We’ve been covering the new era of X-Men on Shelfdust over the last few months, but on a time-delay from the actual issues being released. With the start of a new 22-part crossover story called “X Of Swords”, though, we thought… well, what a great chance to really screw up our own internal timeline, eh? And so we’ve gone Swords-A-Go-Go, and we’ll see if we can get through all 22 issues together. If nothing else, at least we’ll try to make some good… points.
By Steve Morris
It’s worked out for the best that Wolverine and X-Force both came out on the same day, as they form a two-part side story which is more entertaining for being read all at once. As I said mere hours ago, the first part of this story ended with a sequence which was a bit vague and undefined. But the thing is, if you’re going to experiment with something that doesn’t work out, it definitely helps to have the second part of your story be immediately accessible – because X-Force #13 clears up all the confusion about Wolverine and manages to tie everything together into a tight package.
That’s not a joke about Wolverine, who is naked for most of the issue. It turns out that his quest for Muramasa, the blade maker, takes him straight into Hell, where he falls into a pit of hellfire and is captured. What we saw in the last issue was him finding Muramasa’s dead body, because the swordsmith has been sent to Hell so he can complete the creation of two new blades for a demonic wedding present. That’s what was actually happening! And with Wolverine recuperating in a jail cell, that makes time for Solem to show up in Hell and explain how he got there too.
The back-and-forth chronology of these two issues feels a lot tidier when you read them together, and get the whole story in one go. The smartest thing is that Percy decides not to wrap everything up: there are some dangling plots (also not a Wolverine penis joke) by the end of the issue which are obscured because of the choice to jump back and forth in time. The narrative choice didn’t work inside one issue, but across two it’s far stronger. It also keeps the momentum rolling – if we watched Solem go into Hell and then meet Wolverine, this whole thing would’ve felt torturous.
As it is, we see Solem show up and recount his story subsequently, which feels like a more natural progression of their shared stories. Their escape and brief team-up gives them time to have some back and forth as well, meaning that when they face each other down in a few months we’ll have at least some history to play with. Their interplay is entertaining enough, with the most fun part being how they’re each viewing their upcoming fight as a bit of necessary business. There’s no bad blood and no antagonism – they each have a job they need to do, and it’s going to involve one of them stabbing the other at some point in future.
The smartest touch is probably the introduction of Solem as having adamantium skin – and the immediate reintroduction of the concept of Muramasa steel, which can cut through adamantium. The creative team make Solem seem like he has a power advantage over Wolverine before immediately showing that he can bleed. It’s a bit like the sort of storytelling you get in professional wrestling, in fact. In wrestling, two characters will engage in a feud with one another which leads to a final match between them to see who is best – and just before they have that match, usually one of them will be shown to be at a disadvantage. Typically you have one wrestler get “injured” or beaten up in advance, so they have something to overcome when the final fight starts.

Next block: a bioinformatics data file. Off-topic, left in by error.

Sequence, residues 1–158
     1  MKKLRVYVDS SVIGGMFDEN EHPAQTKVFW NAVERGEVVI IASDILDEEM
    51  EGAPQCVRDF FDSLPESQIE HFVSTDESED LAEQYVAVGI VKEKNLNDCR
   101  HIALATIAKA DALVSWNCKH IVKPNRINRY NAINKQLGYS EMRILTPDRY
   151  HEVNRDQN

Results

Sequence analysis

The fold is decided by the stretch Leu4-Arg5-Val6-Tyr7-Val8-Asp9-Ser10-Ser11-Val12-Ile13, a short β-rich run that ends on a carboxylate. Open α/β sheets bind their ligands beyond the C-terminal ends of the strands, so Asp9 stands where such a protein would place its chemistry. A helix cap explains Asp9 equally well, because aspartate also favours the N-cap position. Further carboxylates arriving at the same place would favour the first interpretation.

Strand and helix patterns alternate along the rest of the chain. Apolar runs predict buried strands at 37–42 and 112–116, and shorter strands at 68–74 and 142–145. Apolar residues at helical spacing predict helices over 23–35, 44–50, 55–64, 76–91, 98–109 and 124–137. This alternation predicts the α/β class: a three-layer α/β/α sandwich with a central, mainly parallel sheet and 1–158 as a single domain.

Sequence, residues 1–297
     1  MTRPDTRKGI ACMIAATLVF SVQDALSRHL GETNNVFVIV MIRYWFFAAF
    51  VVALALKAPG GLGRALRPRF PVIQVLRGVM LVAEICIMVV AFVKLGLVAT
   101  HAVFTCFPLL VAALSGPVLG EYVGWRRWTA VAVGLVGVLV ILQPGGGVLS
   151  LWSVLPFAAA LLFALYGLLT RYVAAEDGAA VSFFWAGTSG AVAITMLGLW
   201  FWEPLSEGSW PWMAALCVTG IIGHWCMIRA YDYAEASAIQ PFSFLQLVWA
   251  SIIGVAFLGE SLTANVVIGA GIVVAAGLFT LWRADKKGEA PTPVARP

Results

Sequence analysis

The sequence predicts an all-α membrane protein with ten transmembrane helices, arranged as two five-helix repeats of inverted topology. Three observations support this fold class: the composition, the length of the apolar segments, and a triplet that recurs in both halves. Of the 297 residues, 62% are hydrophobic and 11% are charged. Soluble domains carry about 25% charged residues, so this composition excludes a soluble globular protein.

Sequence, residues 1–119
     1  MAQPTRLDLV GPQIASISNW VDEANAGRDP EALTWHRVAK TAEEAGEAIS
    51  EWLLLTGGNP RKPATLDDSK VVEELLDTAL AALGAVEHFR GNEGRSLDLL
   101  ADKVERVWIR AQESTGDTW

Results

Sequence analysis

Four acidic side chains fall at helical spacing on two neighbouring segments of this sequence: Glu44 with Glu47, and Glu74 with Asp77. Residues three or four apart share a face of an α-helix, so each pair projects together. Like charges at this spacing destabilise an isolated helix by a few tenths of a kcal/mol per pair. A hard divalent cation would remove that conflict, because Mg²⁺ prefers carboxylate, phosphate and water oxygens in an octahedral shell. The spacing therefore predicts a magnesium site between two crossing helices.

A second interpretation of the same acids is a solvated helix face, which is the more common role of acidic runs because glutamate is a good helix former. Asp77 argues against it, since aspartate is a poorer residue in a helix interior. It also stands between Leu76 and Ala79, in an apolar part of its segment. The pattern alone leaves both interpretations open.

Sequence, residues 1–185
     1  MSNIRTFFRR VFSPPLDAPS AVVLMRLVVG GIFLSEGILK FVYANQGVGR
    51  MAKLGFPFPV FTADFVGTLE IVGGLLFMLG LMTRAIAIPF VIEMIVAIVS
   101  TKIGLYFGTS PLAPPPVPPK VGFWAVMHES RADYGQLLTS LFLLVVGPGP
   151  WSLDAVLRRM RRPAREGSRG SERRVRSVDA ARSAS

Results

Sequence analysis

It’s all buildup, but usually it’s the good guy who steps into the final fight at a disadvantage, so it’s more rewarding when they finally do overcome the odds and win the day. Here, both Wolverine and Solem are given a hurdle to jump over – Solem learns that he can bleed; and Wolverine pays an unseen price for his Muramasa blade. That speaks to the focus which has been given to Solem over the last two issues, to make him seem more rounded and complete a character before he goes on to the fight with Wolverine. It also throws off the expectations for the fight, which makes things more interesting for future. If Wolverine had been beaten up here (as usually happens at the start of a crossover story) then you’d expect him to make the heroic comeback and win in future.
Instead, we see both characters on surprisingly equal footing. Solem could be a longterm character Percy wants to keep using; he could also just be a one-off villain who’ll be dispatched at the end of this whole storyline. His time-jumping narrative throws all expectations offguard. Everybody expects Wolverine to be the one character who is left standing in the final battle, but now the crossover has taken its surest bet and thrown uncertainty into the mix. It’s exactly what the story needs.
At the end of this issue Wolverine takes his place on the summoning circle next to Magik – so now we’ll have to see how the remaining X-Men find their swords, and if the other writers will get the time and pages to make the rest of the fights seem as interesting as this one.
Magik, your knees are going to be ruined if you’re just going to stand there for three days whilst the other X-Men are off getting their swords.
Writer: Benjamin Percy
Artist: Victor Bogdanovic
Colourist: Matthew Wilson
Letterer: Joe Caramagna
Designer: Tom Muller
Steve Morris runs this site! Having previously written for sites including The Beat, ComicsAlliance, CBR and The MNT, he can be found on Twitter here. He’s a bunny.
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